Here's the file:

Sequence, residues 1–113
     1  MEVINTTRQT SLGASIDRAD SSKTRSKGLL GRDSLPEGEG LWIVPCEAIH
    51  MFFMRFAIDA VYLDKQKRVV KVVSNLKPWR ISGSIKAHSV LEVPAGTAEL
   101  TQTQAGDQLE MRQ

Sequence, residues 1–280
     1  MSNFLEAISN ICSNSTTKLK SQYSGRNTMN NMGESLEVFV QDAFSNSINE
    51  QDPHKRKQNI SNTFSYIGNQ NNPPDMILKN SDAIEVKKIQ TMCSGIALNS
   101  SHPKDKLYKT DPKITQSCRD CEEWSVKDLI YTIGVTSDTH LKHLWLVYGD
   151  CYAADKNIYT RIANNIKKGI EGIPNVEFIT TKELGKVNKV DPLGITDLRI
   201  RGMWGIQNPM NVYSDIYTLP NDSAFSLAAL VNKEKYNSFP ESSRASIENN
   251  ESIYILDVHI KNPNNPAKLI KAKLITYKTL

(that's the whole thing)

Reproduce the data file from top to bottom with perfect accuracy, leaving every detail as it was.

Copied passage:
Sequence, residues 1–113
     1  MEVINTTRQT SLGASIDRAD SSKTRSKGLL GRDSLPEGEG LWIVPCEAIH
    51  MFFMRFAIDA VYLDKQKRVV KVVSNLKPWR ISGSIKAHSV LEVPAGTAEL
   101  TQTQAGDQLE MRQ

Sequence, residues 1–280
     1  MSNFLEAISN ICSNSTTKLK SQYSGRNTMN NMGESLEVFV QDAFSNSINE
    51  QDPHKRKQNI SNTFSYIGNQ NNPPDMILKN SDAIEVKKIQ TMCSGIALNS
   101  SHPKDKLYKT DPKITQSCRD CEEWSVKDLI YTIGVTSDTH LKHLWLVYGD
   151  CYAADKNIYT RIANNIKKGI EGIPNVEFIT TKELGKVNKV DPLGITDLRI
   201  RGMWGIQNPM NVYSDIYTLP NDSAFSLAAL VNKEKYNSFP ESSRASIENN
   251  ESIYILDVHI KNPNNPAKLI KAKLITYKTL